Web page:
Now the good news.  After two modest systems pass through tomorrow and Wednesday, Thanksgiving Day looks fairly dry.  And the next system on Friday/Saturday has weakened compared to major event predicted a few days ago.  No big snowstorms this week, but enough more to allow Baker and Crystal to open.

Heavy Precipitation

6:45 AM Monday Update:  Take a look at the radar....this is serious rain....yellow is moderate/heavy precipitation:

and here is the last 48-h precipitation from Seattle RainWatch. 1.5-2 inches over the city and 4-6 inches over parts of Kitsap/Hood Canal.

The latest 24-h precipitation amounts (ending 8 AM) show 5-6 inches over the SE side of the Olympics and over the mountains of SW Washington.  Lesser, but still heavy, amounts now falling over the western slopes of the Cascades.

The latest Northwest River Forecast Center update shows a number of rivers at flood stage...particularly over SW WA and NE Oregon....some at moderate flood. This is going to get worse before it gets better, since the latest run shift the precipitation more northward...which is confirmed by the Langley Hill radar.

Here is the latest storm total from Langley Hill.  Roughly 6 inches over the mountains of SW WA and heavy rains on the southern and western sides of the Olympics...the Chehalis will rise quickly with such input.

Here is the latest hydrograph (past and future flow levels) for the Chehalis at Ground Mound from the NW River Forecast Center.  They are going for 15.5 ft...substantially level than the all-time record (20.7 ft during the December 4, 2007 storm).  I assume they are looking carefully at the Langley radar and updating their inputs regularly to their hydrological models.  THIS is when the new radar will pay for itself.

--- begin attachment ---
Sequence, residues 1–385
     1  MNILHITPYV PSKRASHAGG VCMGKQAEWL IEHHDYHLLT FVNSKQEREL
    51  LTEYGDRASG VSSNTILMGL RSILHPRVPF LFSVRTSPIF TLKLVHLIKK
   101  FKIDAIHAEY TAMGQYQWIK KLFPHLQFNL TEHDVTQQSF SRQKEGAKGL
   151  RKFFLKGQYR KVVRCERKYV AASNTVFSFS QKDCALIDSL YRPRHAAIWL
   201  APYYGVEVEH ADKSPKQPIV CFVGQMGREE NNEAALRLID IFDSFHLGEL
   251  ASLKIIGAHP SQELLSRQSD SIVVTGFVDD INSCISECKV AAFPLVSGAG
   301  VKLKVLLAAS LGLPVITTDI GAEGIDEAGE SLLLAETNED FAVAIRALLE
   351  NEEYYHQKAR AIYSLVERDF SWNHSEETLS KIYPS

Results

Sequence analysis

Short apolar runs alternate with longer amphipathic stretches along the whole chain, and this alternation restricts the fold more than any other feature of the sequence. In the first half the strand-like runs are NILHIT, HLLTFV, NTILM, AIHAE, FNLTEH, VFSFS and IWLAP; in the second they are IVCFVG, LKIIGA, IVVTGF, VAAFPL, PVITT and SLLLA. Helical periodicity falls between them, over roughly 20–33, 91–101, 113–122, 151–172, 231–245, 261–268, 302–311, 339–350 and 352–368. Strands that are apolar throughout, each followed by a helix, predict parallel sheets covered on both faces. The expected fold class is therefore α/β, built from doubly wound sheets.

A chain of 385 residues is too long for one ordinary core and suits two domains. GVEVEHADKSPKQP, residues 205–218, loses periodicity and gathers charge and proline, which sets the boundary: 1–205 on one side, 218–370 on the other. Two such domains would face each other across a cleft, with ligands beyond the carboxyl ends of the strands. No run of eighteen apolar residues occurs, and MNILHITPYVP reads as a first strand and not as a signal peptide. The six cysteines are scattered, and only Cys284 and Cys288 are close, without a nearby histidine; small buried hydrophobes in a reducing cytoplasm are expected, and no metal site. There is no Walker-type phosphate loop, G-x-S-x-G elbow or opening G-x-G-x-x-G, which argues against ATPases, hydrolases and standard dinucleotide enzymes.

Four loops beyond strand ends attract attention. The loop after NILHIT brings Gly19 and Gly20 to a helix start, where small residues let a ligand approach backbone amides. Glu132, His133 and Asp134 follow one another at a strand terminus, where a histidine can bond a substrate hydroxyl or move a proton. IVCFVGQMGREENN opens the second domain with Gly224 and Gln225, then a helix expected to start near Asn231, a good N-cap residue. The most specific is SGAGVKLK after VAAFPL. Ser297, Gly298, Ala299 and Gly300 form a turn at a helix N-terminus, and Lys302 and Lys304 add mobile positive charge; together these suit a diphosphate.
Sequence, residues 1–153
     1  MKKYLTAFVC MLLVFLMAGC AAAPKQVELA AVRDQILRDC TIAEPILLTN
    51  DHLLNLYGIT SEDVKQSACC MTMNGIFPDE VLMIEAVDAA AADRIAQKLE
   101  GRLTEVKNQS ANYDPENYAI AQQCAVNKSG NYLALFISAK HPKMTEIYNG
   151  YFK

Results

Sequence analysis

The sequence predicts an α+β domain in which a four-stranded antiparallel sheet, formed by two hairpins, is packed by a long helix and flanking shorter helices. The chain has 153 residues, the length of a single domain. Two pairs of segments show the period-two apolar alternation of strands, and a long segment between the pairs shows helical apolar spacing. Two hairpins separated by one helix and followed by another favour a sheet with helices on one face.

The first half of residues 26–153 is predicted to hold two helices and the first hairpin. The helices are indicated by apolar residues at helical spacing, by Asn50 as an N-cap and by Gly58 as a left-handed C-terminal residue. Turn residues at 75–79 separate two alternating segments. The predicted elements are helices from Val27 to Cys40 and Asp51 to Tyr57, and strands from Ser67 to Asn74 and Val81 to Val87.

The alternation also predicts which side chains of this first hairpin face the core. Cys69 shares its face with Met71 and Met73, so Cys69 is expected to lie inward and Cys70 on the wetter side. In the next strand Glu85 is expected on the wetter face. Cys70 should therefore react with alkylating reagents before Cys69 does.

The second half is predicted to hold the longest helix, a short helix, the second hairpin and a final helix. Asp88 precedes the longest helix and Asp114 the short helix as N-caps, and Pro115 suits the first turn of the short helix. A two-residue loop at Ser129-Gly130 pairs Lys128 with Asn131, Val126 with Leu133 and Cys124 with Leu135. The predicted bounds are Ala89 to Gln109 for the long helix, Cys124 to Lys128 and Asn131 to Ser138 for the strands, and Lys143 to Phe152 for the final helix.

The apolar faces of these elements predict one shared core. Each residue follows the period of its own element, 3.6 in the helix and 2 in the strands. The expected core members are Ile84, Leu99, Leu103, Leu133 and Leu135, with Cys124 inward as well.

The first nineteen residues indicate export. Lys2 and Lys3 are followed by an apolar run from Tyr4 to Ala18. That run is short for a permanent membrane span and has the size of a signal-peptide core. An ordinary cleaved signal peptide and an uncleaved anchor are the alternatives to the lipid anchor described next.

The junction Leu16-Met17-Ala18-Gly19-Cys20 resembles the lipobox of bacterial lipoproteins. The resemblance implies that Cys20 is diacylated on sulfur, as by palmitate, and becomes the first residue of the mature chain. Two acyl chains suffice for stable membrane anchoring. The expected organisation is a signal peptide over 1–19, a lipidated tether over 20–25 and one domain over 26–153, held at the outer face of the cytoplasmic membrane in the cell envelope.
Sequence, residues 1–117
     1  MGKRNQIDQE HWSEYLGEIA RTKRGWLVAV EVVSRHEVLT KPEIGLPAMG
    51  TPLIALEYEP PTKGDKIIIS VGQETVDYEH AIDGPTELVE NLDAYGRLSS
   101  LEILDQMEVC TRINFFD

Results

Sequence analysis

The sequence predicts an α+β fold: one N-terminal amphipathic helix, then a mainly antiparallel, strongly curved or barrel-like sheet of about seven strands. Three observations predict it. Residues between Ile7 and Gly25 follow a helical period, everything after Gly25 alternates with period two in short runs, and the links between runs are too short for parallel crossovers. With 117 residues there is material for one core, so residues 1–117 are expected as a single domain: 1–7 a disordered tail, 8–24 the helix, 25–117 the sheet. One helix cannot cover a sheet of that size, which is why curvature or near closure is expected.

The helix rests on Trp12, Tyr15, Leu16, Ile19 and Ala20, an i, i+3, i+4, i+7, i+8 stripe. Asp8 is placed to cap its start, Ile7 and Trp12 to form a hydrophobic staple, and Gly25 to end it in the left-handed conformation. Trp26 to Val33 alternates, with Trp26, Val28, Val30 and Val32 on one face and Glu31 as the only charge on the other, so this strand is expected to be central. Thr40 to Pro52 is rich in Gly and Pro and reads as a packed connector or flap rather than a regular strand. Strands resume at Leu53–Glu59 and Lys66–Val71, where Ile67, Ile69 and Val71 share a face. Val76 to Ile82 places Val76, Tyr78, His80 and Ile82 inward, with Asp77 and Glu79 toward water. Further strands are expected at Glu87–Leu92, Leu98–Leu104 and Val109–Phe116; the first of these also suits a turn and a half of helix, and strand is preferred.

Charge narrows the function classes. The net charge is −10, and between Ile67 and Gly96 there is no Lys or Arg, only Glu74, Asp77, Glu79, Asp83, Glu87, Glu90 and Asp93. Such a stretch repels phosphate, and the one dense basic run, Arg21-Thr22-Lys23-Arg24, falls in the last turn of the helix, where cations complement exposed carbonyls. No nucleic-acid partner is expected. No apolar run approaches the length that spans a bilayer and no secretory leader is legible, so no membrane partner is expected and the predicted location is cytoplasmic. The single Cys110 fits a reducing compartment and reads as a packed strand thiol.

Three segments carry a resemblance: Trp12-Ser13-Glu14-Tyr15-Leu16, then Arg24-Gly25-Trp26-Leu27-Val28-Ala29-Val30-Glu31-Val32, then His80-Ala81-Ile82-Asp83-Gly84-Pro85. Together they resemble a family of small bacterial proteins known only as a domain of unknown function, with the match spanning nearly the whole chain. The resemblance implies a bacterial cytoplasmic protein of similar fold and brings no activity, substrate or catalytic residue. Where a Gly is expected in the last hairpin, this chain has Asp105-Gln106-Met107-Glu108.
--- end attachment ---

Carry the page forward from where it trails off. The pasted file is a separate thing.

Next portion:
November 18, 2012

World Class Rain Shadow

We can be proud of living in the wettest portion of the lower 48 states as well as the area of the world's greatest annual snowfall (Mt. Baker).   But we are also world class in precipitation contrasts.
Today is a good example. Here are precipitation measurements over the 24-h ending 9 PM Sunday evening.  On the southern and southeastern sides of the Olympics they got hit by 2 to 3 inches of rain, while virtually nothing fell on much Lopez and San Juan Island.  Not much more on northern Whidbey.  In fact, the rain shadow extended as far a Bellingham!  There is some variability in the downstream extent of Olympic rainshadows and this is on the big side.

Another view of the rainshadow is the "storm total" precipitation (roughly the last two days) from the Camano Is. radar (see below).  The rain shadow...a roughly circular region downstream of the clear evident, as is the heavy precipitation southeast of the Olympics

For the next 24-h it looks like the heaviest rain will hit SW Washington, the southern WA Cascades, and NW Oregon (see graphic), although it will be respectably wet everywhere.

The NWS River Forecast Center has put out flood warnings at a number of locations (see red dots on the map below):

The Weather Regimes of Summer

 Weather patterns tend to get "stuck" for extended periods and we have certainly seen such persistent conditions this summer.    W...